pension

ILGA.gov

Legislators writing an overhaul of the state's pension systems could be nearing the end of their work.

Feedback's been plentiful since late last month, when a draft of a pension plan drawn up by a bipartisan legislative committee was leaked. Unions hate it - saying it overreaches in cutting retirement benefits. Business groups say it doesn't go far enough to save the state money. Not to mention complaints, including from the governor, that the committee is taking too long.

Amanda Vinicky

Illinois' largest public pension fund hit a major low in 2012, its rate of return was less than one percent.  But an early analysis shows the last fiscal year was better than expected. The success isn’t expected to make much of a dent in Illinois’ nearly $100 billion dollar pension liability, however, which lawmakers thus far have failed to tackle.   

Sen. Kwame Raoul
Amanda Vinicky/WUIS

  Governor Pat Quinn already has one primary challenger, but there's talk he may get more.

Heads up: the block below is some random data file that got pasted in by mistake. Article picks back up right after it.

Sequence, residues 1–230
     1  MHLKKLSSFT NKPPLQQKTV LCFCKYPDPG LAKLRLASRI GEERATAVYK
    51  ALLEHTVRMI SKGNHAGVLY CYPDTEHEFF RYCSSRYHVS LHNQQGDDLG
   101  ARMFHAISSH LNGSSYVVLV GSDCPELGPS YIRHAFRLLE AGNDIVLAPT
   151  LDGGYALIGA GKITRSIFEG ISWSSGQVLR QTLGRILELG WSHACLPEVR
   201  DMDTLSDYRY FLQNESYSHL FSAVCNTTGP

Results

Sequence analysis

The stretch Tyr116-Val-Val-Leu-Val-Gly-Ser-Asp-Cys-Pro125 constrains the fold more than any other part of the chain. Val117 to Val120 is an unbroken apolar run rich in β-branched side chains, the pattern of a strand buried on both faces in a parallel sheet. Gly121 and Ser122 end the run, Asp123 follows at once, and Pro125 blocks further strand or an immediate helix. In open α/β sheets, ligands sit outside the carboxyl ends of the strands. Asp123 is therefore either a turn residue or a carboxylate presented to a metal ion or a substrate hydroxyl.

A lot of politicians are heading to the capital city this week; it's the State Fair, and a time for annual political meetings and rallies.

Democratic Sen. Kwame Raoul was driving down from Chicago Tuesday afternoon, in time for his fundraiser last night at a Springfield bar.

Dana Heupel
WUIS/Illinois Issues

Democratic lawmakers from Wisconsin and Indiana who saw Illinois as a safe haven in their battles to protect public employee rights might be surprised to learn that top Democrats here may accede to a Republican effort to force pension reductions on current public employees.

Total liability $126.5 billion
WUIS/Illinois Issues

To say Illinois faces a hole in funding its public employee pension systems is like saying the Grand Canyon is an impressive ravine or the Mindanao Trench a good-size gully.

Indeed, “hole” is hardly an appropriate word. “Abyss” and “chasm” come readily to mind, with “bottomless pit” not too far away.

Imagine getting a home equity loan for $100,000, spending $27,000 of it on a new car and investing the rest — then counting on the interest earned to cover the interest paid, as well as the cost of the car. That’s the essence of Gov. Rod Blagojevich’s $10 billion pension bonding plan, which became law in April.

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